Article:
},
    E: {
      close: "Error closing connection (%d) %s @ %s as user %s",
      query: "Query returned error %d: %s"
    },
    F: {
      connect: "Error connecting to database: (%d)"
    }
  }
}

After processing this descriptor, I was able to use the following code to emit messages:

log( DBCONN.S_CONNECT, dbname, dbhost, dbuser );

To produce console messages that looked like this:

%DBCONN-S-CONNECT; Successfully connected to database larb @ localhost as user limited.

It may seem like a lot of infrastructure work just to get some messages displayed on the screen, but for medium to large sized utilities where you may want to do internationalization, it's actually kind of nice. A little bit of work up front makes logging a little easier later on. I'm leaving it up to you to decide if it's worth it.

Installation

The easiest way to install this package is to use npm:

    npm install nodify-logger

If you want to check out the source, use the git command:

    git clone git://github.com/nodify/nodify-logger.git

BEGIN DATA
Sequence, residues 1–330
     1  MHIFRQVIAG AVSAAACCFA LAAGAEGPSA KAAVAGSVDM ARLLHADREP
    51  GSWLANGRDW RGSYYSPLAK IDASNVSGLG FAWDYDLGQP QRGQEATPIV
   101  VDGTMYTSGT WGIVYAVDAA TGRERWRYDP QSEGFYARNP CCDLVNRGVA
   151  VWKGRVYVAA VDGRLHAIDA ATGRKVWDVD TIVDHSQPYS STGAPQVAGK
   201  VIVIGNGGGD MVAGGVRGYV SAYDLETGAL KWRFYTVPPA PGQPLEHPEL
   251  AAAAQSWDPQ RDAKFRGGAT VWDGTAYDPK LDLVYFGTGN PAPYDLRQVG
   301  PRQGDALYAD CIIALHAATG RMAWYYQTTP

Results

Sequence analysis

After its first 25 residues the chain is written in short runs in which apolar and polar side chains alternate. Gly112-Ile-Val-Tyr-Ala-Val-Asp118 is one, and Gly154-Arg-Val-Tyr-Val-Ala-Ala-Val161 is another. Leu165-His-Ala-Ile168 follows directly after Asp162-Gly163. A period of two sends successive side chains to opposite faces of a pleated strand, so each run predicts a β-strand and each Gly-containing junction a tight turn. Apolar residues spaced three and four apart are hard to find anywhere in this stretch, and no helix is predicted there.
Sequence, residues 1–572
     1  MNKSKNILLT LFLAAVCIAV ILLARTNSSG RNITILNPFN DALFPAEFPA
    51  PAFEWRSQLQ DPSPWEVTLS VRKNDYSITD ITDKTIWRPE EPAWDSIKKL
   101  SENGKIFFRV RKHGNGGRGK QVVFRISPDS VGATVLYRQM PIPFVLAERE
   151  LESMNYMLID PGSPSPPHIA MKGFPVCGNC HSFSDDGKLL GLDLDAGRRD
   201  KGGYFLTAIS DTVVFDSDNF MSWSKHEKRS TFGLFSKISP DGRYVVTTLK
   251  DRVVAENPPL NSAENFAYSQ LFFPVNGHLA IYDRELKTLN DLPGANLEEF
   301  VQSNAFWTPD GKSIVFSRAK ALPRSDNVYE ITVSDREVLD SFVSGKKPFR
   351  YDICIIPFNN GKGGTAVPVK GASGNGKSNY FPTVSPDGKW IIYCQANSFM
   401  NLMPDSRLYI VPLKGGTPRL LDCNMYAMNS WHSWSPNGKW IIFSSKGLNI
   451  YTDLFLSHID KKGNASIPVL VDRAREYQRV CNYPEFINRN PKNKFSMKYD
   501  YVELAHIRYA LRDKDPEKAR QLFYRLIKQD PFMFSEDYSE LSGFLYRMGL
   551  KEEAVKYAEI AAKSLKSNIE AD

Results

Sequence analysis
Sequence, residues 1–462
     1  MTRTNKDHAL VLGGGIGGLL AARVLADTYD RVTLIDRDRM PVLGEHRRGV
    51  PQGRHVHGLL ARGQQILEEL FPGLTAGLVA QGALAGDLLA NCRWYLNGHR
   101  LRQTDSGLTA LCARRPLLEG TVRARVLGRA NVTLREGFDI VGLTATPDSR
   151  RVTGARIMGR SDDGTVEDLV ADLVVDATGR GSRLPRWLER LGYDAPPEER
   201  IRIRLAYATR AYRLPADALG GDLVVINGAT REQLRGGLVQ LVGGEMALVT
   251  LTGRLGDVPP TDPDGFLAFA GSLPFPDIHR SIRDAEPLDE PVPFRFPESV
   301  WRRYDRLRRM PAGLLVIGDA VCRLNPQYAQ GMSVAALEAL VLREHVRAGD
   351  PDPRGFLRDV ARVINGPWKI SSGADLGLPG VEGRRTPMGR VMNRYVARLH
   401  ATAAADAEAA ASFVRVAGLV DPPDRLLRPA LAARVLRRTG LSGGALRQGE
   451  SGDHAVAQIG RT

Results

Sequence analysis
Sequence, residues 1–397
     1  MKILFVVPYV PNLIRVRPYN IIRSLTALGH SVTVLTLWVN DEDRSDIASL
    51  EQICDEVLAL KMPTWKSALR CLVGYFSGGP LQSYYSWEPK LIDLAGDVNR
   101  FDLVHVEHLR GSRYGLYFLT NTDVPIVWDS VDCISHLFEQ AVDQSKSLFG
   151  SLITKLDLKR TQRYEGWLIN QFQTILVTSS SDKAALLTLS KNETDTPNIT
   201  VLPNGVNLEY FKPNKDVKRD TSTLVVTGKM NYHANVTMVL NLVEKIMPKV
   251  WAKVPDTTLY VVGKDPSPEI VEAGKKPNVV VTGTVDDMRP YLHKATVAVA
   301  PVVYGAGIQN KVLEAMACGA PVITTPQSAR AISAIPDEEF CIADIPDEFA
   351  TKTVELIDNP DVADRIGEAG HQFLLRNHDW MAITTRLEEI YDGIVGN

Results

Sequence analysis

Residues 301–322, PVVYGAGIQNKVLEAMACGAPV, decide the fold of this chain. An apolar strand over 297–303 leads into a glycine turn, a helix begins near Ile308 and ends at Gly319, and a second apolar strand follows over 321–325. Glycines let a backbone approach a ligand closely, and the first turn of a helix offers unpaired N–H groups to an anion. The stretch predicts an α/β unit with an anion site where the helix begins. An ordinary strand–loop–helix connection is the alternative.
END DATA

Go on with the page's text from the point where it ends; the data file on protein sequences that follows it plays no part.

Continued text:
Basic Usage

Start by requiring the module and passing a descriptor to the createInstance() function:

var logger = require( 'nodify-logger' );
var descriptor = {
    facility: 'EXAMPLE',
    messages: {
      I: {
        one: "This is the first example message",
        two: "This is an example message with a string parameter (%s)",
        three: "This is a message with a number (%d)"
      },
      E: {
        ack: "This is an example error message"
      }
    }
};

logger.createInstance( descriptor, function ( _f, _m, _i ) {
  // do stuff here (more on this later)
} );

Pretty straight-forward so far, right? The only thing that's even half-way tricky is the callback function. But you're a JavaScript programmer, so you're a callback expert by now.

The callback function to the createInstance() call takes three parameters: the logging function (_f), the message map (_m) and the logger instance (_i). To log a message, call the logging function with a specific message map element and parameters (if any.)

Here's an example:

logger.createInstance( descriptor, function ( _f, _m, _i ) {
  _f( _m.I_ONE );
  _f( _m.I_TWO, "he look! i'm a string" );
  _f( _m.I_THREE, 23 );
} );

This should cause the following messages to be emitted:

%EXAMPLE-I-ONE; This is the first example message.